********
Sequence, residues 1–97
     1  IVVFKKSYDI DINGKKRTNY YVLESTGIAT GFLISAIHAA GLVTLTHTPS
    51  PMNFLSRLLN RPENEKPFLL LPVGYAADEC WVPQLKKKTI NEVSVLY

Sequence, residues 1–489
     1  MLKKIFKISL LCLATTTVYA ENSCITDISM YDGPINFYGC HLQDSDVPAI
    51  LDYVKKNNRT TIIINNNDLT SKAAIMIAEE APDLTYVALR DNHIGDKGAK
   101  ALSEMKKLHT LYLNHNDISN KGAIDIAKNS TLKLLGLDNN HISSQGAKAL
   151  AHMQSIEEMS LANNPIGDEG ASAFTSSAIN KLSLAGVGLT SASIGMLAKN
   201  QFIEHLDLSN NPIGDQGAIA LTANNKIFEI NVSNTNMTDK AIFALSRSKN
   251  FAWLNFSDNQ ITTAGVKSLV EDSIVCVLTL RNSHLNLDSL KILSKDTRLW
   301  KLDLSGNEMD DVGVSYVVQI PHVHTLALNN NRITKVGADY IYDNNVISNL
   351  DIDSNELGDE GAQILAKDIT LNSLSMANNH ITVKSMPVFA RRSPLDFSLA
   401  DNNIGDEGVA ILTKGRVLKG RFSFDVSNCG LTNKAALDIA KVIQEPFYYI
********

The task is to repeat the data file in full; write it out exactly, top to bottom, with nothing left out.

Sequence, residues 1–97
     1  IVVFKKSYDI DINGKKRTNY YVLESTGIAT GFLISAIHAA GLVTLTHTPS
    51  PMNFLSRLLN RPENEKPFLL LPVGYAADEC WVPQLKKKTI NEVSVLY

Sequence, residues 1–489
     1  MLKKIFKISL LCLATTTVYA ENSCITDISM YDGPINFYGC HLQDSDVPAI
    51  LDYVKKNNRT TIIINNNDLT SKAAIMIAEE APDLTYVALR DNHIGDKGAK
   101  ALSEMKKLHT LYLNHNDISN KGAIDIAKNS TLKLLGLDNN HISSQGAKAL
   151  AHMQSIEEMS LANNPIGDEG ASAFTSSAIN KLSLAGVGLT SASIGMLAKN
   201  QFIEHLDLSN NPIGDQGAIA LTANNKIFEI NVSNTNMTDK AIFALSRSKN
   251  FAWLNFSDNQ ITTAGVKSLV EDSIVCVLTL RNSHLNLDSL KILSKDTRLW
   301  KLDLSGNEMD DVGVSYVVQI PHVHTLALNN NRITKVGADY IYDNNVISNL
   351  DIDSNELGDE GAQILAKDIT LNSLSMANNH ITVKSMPVFA RRSPLDFSLA
   401  DNNIGDEGVA ILTKGRVLKG RFSFDVSNCG LTNKAALDIA KVIQEPFYYI